Cats, Vets and English Usage

My veterinarian and I call ourselves language purists – and we love to discuss English usage whenever I bring my cats in to see him.

While he’s examining my furry felines’ eyes, vaccinating against rabies or checking for fleas, we engage in animated debates on the correct and incorrect forms and uses of English words, expressions and grammar.

Sure, we recognize that language is fluid and ever changing – and that certain usages become accepted over time, while others become obsolete – but that doesn’t mean we agree.

How language “should” be versus how it actually “is”

Some might call us “prescriptivists”- folks who say how language should be and lament its changing. That’s the opposite of “descriptivists” who simply observe and describe current language usage and how it changes over time.

We reaffirmed our steadfast prescriptivist views during a recent cat appointment when I gave my animal doc my extra copy of  H.W. Fowler’s A Dictionary of Modern English Usage.

Henry Watson Fowler (1858 – 1933) was an English schoolmaster, lexicographer and commentator on English usage. When he was middle-aged, his schoolmaster career ended and he became a freelance writer and journalist – albeit not a very successful one. During this time he and his younger brother, Frank, started publishing books on grammar, style and lexicography. Aside from his work on A Dictionary of Modern English Usage, Fowler contributed to the Concise Oxford Dictionary.

By today’s standards Fowler’s dictionary on “modern” English is outdated. Nevertheless, it makes for some intriguing reading on how English has evolved – if you have the time and patience for it.

Despite Fowler’s partiality for word economy and precision, he could get quite long-winded and meandering by today’s business writing standards. Take for example his description of the simple word “clause” as it refers to grammar:

“It conduces both to clearness and to brevity if the word in its grammatical sense is applied only to what is sometimes called a subordinate clause and never either to a complete sentence or to the framework of the sentence, which is often called the main or principal but may equally well be called main sentence. The definition of a clause, then, should be ‘subordinate words including a subject and predicate, but syntactically equivalent to a noun or adjective or adverb’; in this book the word is always to be understood thus.”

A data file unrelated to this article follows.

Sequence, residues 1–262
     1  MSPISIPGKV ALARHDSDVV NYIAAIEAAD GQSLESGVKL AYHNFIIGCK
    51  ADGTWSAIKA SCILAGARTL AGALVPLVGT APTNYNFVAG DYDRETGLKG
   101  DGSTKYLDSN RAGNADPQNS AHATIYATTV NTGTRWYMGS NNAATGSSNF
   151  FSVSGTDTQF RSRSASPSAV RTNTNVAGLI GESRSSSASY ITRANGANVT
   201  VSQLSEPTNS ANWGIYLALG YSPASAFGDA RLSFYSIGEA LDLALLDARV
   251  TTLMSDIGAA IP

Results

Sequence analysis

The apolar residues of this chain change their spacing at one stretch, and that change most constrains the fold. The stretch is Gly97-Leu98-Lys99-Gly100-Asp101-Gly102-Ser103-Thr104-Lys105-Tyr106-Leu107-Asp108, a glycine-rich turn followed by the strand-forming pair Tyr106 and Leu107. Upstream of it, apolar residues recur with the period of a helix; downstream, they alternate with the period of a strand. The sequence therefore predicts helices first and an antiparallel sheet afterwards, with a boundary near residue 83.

Whew, did you get that?

Not everyone agreed with Fowler. Some of his critics and peers could be downright unkind, asserting that he was simply writing his own preferences. But Fowler could be just as uncompromising in describing misuses of words, as the following example attests:

eas(il)y. Easy as an adverb, instead of the normal easily, survives only as a vulgarism and in a few phrases, mostly colloquial: stand easy, easy all, take it easy, easy come easy go, easier said than done.

Breaking the rules

Fowler probably wouldn’t take too kindly to the way we modern-day content marketers and journalists write.

We often take liberties with language, use colloquialisms generously, and play with words to make the message interesting, engaging and easy to understand. There are times when we may concede on a grammar or style point in order to make the writing connect more easily with the reader. And, yes, all of us have probably used the word easy colloquially in one of the ways that Fowler points out.

That can be a bit of a struggle for me. My prescriptivist side knows I’m breaking some of the rules, but I always wonder if the reader knows I know this? Will they think I don’t know better? What if they complain to the managing editor or the publisher? Worse, what would Fowler think of me?

So I declare here that if you come across a piece of my writing that has a word, phrase or sentence of which Fowler would disapprove, be assured I know better.

Just ask my vet!